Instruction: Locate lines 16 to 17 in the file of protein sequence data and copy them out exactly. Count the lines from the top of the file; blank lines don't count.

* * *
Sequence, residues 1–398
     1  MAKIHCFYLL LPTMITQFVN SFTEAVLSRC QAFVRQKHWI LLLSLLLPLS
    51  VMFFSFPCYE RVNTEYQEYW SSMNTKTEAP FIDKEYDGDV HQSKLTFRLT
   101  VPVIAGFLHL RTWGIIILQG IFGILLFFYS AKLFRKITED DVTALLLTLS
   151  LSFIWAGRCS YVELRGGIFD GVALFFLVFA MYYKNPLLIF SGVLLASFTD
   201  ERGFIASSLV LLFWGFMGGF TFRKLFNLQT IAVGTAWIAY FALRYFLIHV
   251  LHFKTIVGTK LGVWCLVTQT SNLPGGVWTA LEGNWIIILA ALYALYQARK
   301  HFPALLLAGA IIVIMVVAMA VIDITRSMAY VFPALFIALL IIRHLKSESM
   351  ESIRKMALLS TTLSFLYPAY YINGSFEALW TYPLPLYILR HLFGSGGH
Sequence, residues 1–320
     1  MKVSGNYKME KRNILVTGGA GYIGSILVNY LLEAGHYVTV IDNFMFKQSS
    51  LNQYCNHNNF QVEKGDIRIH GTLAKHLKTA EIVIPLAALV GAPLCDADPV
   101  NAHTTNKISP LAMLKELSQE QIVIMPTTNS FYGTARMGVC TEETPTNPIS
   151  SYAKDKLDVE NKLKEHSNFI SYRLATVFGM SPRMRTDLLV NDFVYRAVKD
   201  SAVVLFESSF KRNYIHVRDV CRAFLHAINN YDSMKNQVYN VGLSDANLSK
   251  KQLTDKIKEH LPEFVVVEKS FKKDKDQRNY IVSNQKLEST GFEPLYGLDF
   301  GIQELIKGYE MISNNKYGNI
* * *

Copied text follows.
   251  KQLTDKIKEH LPEFVVVEKS FKKDKDQRNY IVSNQKLEST GFEPLYGLDF
   301  GIQELIKGYE MISNNKYGNI